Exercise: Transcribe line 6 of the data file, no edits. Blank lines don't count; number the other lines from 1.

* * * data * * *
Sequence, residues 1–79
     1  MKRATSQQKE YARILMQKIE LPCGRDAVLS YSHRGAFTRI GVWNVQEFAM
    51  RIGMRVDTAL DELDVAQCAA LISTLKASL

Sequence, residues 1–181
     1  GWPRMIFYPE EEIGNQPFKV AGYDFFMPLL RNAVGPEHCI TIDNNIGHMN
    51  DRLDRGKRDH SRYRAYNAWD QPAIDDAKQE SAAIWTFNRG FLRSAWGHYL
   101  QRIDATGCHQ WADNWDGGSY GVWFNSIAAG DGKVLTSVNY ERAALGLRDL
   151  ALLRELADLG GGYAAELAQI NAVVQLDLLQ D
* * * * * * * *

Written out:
    51  DRLDRGKRDH SRYRAYNAWD QPAIDDAKQE SAAIWTFNRG FLRSAWGHYL